The 17th century was also dominated by the buccaneers, initially hired by the English to defend the Caribbean against the French and the Dutch, with which England was constantly at odds. The buccaneers had a perfect location for a base in Jamaica. At one point, these buccaneers developed into a motley crew of pirates and adventurers who settled on the island of Tortuga northwest of Hispaniola, where there was a lively trade with passing ships. However, the Spaniards felt threatened and drove the buccaneers to the island of Tortola. The hunted buccaneers then united in the “Confederacy of the Brethren of the Coast”.

They gradually conquered more and more Spanish ships and developed as a relentless power, feared all over the Caribbean. Jamaica's new governor Sir Thomas Modyford, along with the Spaniards, sought to curtail the power of the buccaneers. However, when war against Holland and England broke out, Modyford attempted to make an alliance with the “Brethren” to defend the island from the Spaniards. The buccaneers agreed and settled en masse in Port Royal and Kingston Harbor. Port Royal quickly became the largest city in Jamaica with more whore lockers and bars than anywhere else in the world.Photo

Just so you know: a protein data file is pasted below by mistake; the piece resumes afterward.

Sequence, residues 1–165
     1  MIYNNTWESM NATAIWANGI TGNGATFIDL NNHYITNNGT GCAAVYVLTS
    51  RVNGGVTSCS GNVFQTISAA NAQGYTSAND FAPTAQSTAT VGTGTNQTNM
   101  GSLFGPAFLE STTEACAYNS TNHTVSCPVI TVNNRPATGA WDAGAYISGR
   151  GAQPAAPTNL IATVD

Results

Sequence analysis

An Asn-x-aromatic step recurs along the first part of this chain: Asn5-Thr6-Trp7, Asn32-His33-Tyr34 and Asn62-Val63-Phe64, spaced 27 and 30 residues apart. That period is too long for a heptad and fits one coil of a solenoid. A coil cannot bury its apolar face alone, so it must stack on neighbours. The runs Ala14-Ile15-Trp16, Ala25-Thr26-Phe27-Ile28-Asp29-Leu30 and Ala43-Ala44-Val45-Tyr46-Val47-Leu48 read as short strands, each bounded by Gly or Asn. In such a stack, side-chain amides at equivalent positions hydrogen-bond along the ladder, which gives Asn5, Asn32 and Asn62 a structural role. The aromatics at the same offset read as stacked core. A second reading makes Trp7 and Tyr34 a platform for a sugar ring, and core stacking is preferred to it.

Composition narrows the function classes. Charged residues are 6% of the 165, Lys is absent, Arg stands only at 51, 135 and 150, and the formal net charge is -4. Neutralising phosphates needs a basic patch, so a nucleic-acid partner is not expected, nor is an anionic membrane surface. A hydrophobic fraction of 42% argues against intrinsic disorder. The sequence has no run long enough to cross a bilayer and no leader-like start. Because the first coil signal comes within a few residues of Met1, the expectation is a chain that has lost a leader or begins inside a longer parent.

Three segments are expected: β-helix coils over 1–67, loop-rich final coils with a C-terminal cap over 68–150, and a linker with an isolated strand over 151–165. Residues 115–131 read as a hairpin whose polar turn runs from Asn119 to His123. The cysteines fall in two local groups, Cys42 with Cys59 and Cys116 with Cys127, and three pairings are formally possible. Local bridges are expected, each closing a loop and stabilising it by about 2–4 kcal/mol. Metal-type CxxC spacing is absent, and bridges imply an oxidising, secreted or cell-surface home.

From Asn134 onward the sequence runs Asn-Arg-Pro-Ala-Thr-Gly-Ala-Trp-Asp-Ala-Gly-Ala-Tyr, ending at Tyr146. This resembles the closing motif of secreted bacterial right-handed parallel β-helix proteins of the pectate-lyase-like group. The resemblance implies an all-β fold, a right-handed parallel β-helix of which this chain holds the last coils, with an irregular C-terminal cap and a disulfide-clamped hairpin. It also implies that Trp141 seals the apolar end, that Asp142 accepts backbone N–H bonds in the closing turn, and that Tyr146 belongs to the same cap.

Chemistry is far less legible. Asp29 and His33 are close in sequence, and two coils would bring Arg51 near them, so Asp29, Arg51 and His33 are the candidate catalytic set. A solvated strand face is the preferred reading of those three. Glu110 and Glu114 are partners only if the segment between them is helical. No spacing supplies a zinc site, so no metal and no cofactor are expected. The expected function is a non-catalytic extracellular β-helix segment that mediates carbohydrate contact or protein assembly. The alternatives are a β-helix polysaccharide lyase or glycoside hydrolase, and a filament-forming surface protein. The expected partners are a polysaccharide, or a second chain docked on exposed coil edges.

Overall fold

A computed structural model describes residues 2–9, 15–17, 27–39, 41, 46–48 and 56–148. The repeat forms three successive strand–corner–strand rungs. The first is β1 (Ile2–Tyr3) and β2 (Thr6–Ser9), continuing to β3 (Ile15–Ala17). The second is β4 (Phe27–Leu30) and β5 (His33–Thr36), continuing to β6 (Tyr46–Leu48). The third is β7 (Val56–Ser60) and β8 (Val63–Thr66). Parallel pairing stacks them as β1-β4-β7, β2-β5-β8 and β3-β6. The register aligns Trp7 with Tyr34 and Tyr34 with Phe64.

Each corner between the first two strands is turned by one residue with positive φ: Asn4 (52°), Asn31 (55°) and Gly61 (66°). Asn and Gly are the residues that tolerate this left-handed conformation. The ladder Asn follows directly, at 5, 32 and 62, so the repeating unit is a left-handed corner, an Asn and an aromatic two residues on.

Henry Morgan JamaicaPhoto:public domain

Young Welshman Henry Morgan took charge of the buccaneers. They lived among Spanish cities across the Caribbean. They had just attacked Panama, the major city of the Spaniards in the New World, when Spain and England made peace. Morgan was still tried in England for this, but was acquitted and even became governor of Jamaica. He died in 1688.

Both countries now regarded the buccaneers as a bunch of ordinary pirates who were forced to return to sea after a major earthquake in Jamaica. Most of Port Royal had disappeared into the sea, killing more than 2,000 residents.